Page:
IRREGULAR TRICHOME BRANCH1 in arabidopsis encodes a plant homolog of the actin-related protein2/3 complex activator Scar/WAVE that regulates actin and microtubule organization

Xiaoguo Zhang, Julia Dyachok, Sujatha Krishnakumar, Laurie G. Smith, David G. Oppenheimer

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Abstract

The dynamic actin cytoskeleton is important for a myriad of cellular functions, including intracellular transport, cell division, and cell shape. An important regulator of actin polymerization is the actin-related protein2/3 (Arp2/3) complex, which nucleates the polymerization of new actin filaments. In animals, Scar/WAVE family members activate Arp2/3 complex-dependent actin nucleation through interactions with Abi1, Nap1, PIR121, and HSCP300. Mutations in the Arabidopsis thaliana genes encoding homologs of Arp2/3 complex subunits PIR121 and NAP1 all show distorted trichomes as well as additional epidermal cell expansion defects, suggesting that a Scar/WAVE homolog functions in association with PIR121 and NAP1 to activate the Arp2/3 complex in Arabidopsis. In a screen for trichome branching defects, we isolated a mutant that showed irregularities in trichome branch positioning and expansion. We named this gene IRREGULAR TRICHOME BRANCH1 (ITB1). Positional cloning of the ITB1 gene showed that it encodes SCAR2, an Arabidopsis protein related to Scar/WAVE. Here, we show that itb1 mutants display cell expansion defects similar to those reported for the distorted class of trichome mutants, including disruption of actin and microtubule organization. In addition, we show that the scar homology domain (SHD) of ITB1/SCAR2 is necessary and sufficient for in vitro binding to Arabidopsis BRK1, the plant homolog of HSPC300. Overexpression of the SHD in transgenic plants causes a dominant negative phenotype. Our results extend the evidence that the Scar/WAVE pathway of Arp2/3 complex regulation exists in plants and plays an important role in regulating cell expansion.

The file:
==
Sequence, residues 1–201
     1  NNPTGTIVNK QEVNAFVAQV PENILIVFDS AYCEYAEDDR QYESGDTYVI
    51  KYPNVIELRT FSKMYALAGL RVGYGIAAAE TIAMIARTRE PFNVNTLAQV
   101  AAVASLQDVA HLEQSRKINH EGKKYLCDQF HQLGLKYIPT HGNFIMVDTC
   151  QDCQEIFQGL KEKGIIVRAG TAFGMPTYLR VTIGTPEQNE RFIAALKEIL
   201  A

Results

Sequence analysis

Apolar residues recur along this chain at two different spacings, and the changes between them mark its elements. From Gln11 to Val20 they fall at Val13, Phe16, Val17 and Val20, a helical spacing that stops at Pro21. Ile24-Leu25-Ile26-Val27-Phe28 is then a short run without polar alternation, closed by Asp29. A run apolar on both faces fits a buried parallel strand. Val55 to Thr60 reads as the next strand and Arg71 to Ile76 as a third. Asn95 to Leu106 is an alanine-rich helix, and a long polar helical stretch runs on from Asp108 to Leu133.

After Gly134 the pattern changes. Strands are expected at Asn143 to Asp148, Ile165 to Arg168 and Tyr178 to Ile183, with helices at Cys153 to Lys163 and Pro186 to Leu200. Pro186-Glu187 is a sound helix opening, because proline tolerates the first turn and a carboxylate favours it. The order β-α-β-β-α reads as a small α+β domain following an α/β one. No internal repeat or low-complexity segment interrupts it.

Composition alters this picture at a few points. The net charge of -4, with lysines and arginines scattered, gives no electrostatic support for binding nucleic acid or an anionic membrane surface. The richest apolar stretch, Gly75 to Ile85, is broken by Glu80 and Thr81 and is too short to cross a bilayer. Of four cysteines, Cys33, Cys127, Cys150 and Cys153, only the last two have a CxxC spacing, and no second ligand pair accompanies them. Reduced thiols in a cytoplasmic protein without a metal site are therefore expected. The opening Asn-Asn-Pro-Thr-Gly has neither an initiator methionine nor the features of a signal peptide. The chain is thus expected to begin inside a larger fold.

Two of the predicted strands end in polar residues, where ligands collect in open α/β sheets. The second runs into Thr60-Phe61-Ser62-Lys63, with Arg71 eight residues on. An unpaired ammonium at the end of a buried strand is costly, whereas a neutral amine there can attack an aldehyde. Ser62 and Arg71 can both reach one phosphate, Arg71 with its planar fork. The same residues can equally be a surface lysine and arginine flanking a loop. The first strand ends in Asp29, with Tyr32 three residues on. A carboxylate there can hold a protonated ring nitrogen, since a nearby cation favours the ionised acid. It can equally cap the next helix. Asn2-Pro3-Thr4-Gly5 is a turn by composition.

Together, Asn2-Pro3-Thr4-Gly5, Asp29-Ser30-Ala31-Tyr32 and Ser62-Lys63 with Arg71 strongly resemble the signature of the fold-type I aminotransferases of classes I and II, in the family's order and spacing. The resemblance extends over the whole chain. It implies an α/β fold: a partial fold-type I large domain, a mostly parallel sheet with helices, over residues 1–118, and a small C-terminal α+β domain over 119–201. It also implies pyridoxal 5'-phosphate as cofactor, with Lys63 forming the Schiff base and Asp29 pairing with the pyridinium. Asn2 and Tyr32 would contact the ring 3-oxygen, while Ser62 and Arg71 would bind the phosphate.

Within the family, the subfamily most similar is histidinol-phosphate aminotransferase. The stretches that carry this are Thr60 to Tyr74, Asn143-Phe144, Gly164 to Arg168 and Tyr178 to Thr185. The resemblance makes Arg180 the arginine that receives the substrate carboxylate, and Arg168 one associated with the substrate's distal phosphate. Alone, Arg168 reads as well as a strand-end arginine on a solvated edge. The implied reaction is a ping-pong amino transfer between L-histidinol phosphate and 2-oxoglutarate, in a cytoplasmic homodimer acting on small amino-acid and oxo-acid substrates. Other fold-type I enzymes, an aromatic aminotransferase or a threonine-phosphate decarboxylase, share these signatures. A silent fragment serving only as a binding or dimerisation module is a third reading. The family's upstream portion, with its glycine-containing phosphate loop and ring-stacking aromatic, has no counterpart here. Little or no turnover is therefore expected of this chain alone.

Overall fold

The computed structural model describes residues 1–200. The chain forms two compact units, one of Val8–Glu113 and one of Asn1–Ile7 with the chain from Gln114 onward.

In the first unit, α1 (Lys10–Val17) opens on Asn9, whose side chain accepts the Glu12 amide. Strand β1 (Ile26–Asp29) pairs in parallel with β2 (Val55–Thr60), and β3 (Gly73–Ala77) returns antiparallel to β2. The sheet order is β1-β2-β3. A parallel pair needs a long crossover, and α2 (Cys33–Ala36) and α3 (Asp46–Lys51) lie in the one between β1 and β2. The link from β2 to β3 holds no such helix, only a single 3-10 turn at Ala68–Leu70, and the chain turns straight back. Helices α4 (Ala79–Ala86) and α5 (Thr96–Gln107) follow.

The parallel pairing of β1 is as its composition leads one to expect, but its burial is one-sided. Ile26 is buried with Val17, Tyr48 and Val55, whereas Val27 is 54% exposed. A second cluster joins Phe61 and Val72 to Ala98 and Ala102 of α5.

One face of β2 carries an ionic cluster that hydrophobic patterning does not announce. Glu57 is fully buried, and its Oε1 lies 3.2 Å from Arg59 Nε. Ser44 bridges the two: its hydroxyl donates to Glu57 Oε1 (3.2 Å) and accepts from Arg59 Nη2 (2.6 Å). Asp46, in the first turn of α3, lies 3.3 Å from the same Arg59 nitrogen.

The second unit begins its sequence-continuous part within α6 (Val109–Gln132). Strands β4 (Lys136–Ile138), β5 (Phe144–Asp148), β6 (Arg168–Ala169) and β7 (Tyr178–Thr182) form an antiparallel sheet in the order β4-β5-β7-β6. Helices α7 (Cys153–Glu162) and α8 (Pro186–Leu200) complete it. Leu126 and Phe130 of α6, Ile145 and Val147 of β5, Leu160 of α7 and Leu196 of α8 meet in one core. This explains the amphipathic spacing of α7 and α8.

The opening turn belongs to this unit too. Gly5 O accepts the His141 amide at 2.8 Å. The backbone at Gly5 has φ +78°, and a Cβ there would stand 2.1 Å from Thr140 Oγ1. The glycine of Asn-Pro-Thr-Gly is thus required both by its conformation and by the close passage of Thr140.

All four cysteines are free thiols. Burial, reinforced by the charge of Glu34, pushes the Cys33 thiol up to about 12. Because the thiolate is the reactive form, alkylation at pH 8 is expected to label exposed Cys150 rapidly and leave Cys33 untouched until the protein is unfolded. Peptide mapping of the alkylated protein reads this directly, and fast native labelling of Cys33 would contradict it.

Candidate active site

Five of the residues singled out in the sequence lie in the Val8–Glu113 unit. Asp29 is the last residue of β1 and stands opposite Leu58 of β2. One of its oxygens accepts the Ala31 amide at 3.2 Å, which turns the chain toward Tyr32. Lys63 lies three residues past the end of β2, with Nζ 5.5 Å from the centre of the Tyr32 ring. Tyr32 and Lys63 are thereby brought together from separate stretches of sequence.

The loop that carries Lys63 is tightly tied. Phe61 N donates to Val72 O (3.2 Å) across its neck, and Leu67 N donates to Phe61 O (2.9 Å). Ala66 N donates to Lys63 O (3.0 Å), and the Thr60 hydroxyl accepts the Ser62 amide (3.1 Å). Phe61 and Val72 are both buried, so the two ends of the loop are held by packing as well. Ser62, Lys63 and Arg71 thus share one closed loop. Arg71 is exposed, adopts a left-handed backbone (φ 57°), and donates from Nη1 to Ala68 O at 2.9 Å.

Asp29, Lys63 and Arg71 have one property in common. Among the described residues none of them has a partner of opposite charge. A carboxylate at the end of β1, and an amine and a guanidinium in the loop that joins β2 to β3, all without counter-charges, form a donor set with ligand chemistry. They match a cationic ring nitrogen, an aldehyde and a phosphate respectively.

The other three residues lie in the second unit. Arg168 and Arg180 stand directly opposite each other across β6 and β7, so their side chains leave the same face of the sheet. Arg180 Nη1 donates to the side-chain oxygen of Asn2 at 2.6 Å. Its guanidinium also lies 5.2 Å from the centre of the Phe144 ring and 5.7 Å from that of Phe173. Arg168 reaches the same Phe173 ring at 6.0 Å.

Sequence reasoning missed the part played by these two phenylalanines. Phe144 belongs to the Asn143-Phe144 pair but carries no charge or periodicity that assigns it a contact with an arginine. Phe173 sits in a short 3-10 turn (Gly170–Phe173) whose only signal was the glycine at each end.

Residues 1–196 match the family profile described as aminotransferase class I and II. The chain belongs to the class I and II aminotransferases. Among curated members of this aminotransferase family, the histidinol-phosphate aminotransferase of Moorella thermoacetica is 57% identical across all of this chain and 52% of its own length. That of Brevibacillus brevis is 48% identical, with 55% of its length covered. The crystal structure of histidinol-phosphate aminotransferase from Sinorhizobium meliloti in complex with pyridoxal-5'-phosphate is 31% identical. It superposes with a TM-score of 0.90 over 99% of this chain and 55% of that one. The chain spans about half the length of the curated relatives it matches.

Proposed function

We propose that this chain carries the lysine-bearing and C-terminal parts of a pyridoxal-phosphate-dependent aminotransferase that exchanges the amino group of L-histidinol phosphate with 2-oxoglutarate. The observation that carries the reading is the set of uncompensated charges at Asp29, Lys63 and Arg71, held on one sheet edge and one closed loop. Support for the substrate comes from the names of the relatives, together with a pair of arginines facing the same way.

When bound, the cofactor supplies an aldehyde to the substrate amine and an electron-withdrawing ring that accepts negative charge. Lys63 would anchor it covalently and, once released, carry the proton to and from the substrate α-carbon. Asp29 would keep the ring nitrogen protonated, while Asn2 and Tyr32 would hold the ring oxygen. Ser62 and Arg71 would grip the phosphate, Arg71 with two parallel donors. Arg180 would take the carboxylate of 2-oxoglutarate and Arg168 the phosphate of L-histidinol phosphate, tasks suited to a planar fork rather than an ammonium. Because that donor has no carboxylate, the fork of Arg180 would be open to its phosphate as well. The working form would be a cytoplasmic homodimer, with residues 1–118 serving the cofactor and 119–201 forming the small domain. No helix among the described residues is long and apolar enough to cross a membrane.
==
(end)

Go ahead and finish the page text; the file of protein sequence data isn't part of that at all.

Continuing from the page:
Original languageEnglish (US)
Pages (from-to)2314-2326
Number of pages13
JournalPlant Cell
Volume17
Issue number8
DOIs
StatePublished - Dec 1 2005

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ASJC Scopus subject areas

  • Plant Science
  • Cell Biology

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